TinyBuild is missing $450K in sales from G2A

TinyBuild, the publisher behind games such as Party HardSpeedRunners, Clustertruck, and developed No Time To Explain are saying that game code marketplace G2A sold over $450,000 worth of their games, with many of these games being acquired through fraudulent means. Due to this, TinyBuild were issued a large amount of chargebacks, which is when the bank that provided the card asks the seller for the money the product was worth. As a result, the company lost thousands in revenue and put them in a bad place with their payment provider. This is also packed on top of the fact that TinyBuild was in the process of attempting to make official a relationship with G2A so that they could sell authentic game keys.

“Websites like G2A are facilitating a fraud-fueled economy where key resellers are being hit with tons of stolen credit card transactions,” Alex Nichiporchik wrote on the official TinyBuild blog, which as of this time, is currently down as the result of a DDoS attack, according to the publisher. “These websites are now growing rapidly due to low pricing of game keys.”

If you’re unaware of G2A, you’ve probably seen the G2A Goldmine logo on a YouTuber like PewDiePie. If you just don’t understand how it works, the website resells game codes via their marketplace. At a more basal level, if you pass their approval process, you can put anything up for sale anonymously. If something’s wrong with the product, G2A has a program called G2A Shield that, if you pay a fee, G2A promises that they’ll make things copacetic.

While this may seem great, the cost of dealing with someone like G2A can be greatly impactful to a developer or a publisher. In the blog post mentioned above, Nichiporchik explained how TinyBuild once had an online store where they sold legitimate copies of all their games. He claims that fraudsters purchased thousands of codes through the aforementioned store, and then turned them for profit on G2A.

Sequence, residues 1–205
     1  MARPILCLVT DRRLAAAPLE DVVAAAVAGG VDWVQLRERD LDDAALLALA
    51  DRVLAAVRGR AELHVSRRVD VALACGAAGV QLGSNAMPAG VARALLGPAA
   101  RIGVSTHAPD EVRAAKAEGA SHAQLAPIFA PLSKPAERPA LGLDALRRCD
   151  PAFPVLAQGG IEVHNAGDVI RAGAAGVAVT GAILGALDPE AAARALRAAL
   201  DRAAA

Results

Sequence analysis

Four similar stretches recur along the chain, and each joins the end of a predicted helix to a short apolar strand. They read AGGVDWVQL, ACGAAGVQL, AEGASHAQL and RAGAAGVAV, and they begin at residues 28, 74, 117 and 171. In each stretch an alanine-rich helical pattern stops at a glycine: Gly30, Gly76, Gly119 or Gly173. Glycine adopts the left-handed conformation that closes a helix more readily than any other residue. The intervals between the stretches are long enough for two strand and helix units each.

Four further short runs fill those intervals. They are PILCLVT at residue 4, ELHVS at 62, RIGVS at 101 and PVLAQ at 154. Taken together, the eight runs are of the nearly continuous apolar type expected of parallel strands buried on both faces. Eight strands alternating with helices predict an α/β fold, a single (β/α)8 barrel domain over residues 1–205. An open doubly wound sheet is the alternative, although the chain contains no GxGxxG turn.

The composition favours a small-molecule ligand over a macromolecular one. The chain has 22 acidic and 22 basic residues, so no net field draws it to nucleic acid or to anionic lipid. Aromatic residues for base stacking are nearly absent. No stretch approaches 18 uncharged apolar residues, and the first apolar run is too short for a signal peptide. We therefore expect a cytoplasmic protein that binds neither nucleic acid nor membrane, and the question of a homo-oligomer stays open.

“The shop collapsed when we started to get hit by chargebacks,” Nichiporchik said, I’d start seeing thousands of transactions, and our payment provider would shut us down within days. Moments later you’d see G2A being populated by cheap keys of games we had just sold on our shop.”

Here’s a look at the comparison beween G2A versus if it was sold it was sold at retail price.

G2A Pricing Retail Pricing
price copies sum price copies sum
Punch Club 8.72 1251 10,908.72 9.99 1251 12,497.49
Party Hard 7.95 890 7,075.50 12.89 890 11,472.10
SpeedRunners 6.26 24517 153,476.42 14.99 24517 367,509.83
total EUR 171,460.64 total EUR 391,479.42
total USD $197,179.74 total USD $450,201.33

Here’s the response G2A gave when Nichiporchik asked the origin of the keys sold on their website, as well as the type of compensation G2A would give to him for the fraud.

I can tell you that no compensation will be given. If you suspect that these codes where all chargebacks aka fraud/stolen credit card purchases I would be happy to look into that however I will say this requires TinyBuild to want to work with G2A. Both in that you need to revoke the keys you will be claiming as stolen from the players who now own them and supply myself with the codes you suspect being a part of this. We will check to see if that is the case but I doubt that codes with such large numbers would be that way.

Honestly I think you will be surprised in that it is not fraud, but your resale partners doing what they do best, selling keys. They just happen to be selling them on G2A. It is also worth pointing out that we do not take a share of these prices, our part comes from the kickback our payment providers.

TinyBuild’s story comes after many months of G2A trying to rebuild their image in the eyes of the public after numerous outlets, related horrible first-hand accounts of using their marketplace and many others out there.

Source: TinyBuild’s blog and an email sent to us after the DDoS attack

My Take: I’m quite familiar with G2A, before I bought my PS4 and Xbox One, and I can say it’s not the best experience.I knew it was dubious on how G2A acquire their game codes, but I just didn’t care. I cared more about saving money. Now, after this story, and multiples over the years, I think I’m finally ready to separate from G2A completely.

Either way, G2A should respond to this, it looks worse if they don’t. I’ll be very interested to hear the full story.


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